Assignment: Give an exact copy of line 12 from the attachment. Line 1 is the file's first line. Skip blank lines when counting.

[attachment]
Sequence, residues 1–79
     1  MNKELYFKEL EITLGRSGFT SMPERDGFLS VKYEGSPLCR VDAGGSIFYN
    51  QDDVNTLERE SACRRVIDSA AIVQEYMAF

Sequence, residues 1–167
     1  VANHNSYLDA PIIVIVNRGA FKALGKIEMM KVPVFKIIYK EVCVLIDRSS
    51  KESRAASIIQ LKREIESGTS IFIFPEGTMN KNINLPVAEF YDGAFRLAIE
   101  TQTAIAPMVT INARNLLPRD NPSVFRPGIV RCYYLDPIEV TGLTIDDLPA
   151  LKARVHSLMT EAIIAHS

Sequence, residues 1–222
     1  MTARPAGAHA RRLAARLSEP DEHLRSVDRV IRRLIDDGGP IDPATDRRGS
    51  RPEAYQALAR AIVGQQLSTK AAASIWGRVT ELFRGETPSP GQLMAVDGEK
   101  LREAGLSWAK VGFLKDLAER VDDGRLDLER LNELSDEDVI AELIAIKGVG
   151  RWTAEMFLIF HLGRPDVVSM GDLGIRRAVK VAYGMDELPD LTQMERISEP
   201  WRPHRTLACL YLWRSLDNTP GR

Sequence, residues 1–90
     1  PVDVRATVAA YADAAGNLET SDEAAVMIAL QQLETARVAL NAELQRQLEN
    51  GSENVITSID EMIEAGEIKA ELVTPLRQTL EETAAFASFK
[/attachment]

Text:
   101  LREAGLSWAK VGFLKDLAER VDDGRLDLER LNELSDEDVI AELIAIKGVG